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Until recently, research had not been conducted to determine if the fabric used in clothing is carcinogenic or otherwise toxic to the wearer. It is still mostly unknown how large of a role that the clothing items we wear daily have played in increased incidences of diseases like breast cancer. With increased awareness about and activism against the negative environmental impacts and harm to workers health within the apparel industry, there is starting to be more fact finding and research about these issues. With more research being done, and more people asking questions about who made their clothes and how they are made, we will learn more over time about these health problems. We have to keep the pressure on brands to be transparent and to make changes for our own health and safety, and as consumers we also need to make purchasing decisions that prioritize our health and safety. We don’t have to sacrifice our personal style over this, but we do need to wear safer fabrics and do our research about what we are putting on our body.

Resources

1. https://oem.bmj.com/content/67/4/263

2. http://losangeleslawyersource.com/formaldehyde-in-victorias-secret-bras-may-cause-

skin-reactions/

3. https://news.wko.at/news/oesterreich/REACH-A-XVII_ECHA_Exposure-of-consumers-

to-chemicals-in-text.pdf

4. https://oecotextiles.wordpress.com/2011/10/13/polyester-and-our-health/#_ftn1

5. Further reading: https://eng.mst.dk/chemicals/chemicals-in-products/consumers-

consumer-products/danish-surveys-on-consumer-products/

About the author:

With over 15 years of experience in fashion design and product development, Katina puts her heart and soul plus skill and craft into the garments she designs and produces. She attended FIDM in Los Angeles, CA and The College of Textiles at North Carolina State University. She has worked in many different positions in the textile and apparel industry, from designer to quality assurance, and along the way was published in The Encyclopedia of Toxicology where she authored the entry on Medical Textiles. Environmental and human health play a big role in her product development process, and she considers information including what is contained in this post. Lingerie has long been a passion of Katina’s, and she has been working to develop the most ethical and environmentally safe product possible. With a lifelong passion for s social, environmental, and economic justice, and a commitment to women’s empowerment, developing an ethical, feminist, and eco-friendly supply chain is her end goal.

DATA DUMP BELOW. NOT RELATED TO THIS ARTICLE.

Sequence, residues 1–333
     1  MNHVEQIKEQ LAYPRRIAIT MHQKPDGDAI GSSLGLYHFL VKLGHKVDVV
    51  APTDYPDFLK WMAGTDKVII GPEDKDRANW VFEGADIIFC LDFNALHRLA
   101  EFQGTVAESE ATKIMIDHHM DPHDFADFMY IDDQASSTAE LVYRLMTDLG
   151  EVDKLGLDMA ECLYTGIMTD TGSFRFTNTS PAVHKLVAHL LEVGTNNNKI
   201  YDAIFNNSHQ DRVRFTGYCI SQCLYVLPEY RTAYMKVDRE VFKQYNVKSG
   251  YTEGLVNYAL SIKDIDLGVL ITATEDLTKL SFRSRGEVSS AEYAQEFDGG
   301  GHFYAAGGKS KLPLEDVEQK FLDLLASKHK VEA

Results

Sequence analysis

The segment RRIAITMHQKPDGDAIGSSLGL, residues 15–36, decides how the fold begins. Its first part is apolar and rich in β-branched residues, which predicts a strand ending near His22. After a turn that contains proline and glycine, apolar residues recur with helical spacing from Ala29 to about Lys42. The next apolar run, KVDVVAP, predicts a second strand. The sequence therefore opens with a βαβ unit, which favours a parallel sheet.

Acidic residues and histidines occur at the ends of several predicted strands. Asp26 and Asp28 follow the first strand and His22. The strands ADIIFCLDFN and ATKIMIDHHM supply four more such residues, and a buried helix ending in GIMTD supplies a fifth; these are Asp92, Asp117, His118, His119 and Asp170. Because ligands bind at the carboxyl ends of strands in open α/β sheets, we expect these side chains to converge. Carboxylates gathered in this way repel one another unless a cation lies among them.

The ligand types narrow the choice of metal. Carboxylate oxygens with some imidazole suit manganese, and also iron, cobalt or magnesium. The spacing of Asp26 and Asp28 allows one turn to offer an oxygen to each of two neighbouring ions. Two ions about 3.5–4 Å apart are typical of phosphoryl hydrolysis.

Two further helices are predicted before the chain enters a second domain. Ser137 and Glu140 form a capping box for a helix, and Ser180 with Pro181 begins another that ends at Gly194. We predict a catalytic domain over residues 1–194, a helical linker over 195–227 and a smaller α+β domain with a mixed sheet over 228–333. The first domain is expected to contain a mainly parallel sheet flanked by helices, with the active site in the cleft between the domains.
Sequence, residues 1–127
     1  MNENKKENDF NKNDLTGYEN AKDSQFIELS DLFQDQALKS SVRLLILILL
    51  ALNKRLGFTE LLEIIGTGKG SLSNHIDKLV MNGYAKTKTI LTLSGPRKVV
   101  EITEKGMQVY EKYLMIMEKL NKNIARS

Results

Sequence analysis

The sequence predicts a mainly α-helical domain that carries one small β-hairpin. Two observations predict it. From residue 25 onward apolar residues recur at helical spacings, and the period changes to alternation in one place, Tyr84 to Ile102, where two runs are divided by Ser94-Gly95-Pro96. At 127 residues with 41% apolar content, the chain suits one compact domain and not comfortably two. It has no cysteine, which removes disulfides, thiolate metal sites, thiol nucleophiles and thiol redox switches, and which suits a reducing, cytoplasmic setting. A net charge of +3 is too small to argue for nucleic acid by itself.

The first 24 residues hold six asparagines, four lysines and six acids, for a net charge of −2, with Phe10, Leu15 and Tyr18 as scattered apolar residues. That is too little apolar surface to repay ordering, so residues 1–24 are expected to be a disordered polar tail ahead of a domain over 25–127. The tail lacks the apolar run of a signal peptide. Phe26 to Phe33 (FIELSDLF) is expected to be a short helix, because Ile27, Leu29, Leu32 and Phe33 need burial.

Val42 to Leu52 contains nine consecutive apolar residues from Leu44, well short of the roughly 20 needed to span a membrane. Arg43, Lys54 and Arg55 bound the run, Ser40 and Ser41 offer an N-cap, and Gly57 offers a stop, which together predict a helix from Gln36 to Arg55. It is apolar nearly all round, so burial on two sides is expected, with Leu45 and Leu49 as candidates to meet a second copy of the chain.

Katina Gad

Katina Gad

Katrina has a lingerie brand called Unity Outfitters in which she produces naturally dyed & size inclusive lingerie made from sustainable fabrics based out of Raleigh, North Carolina.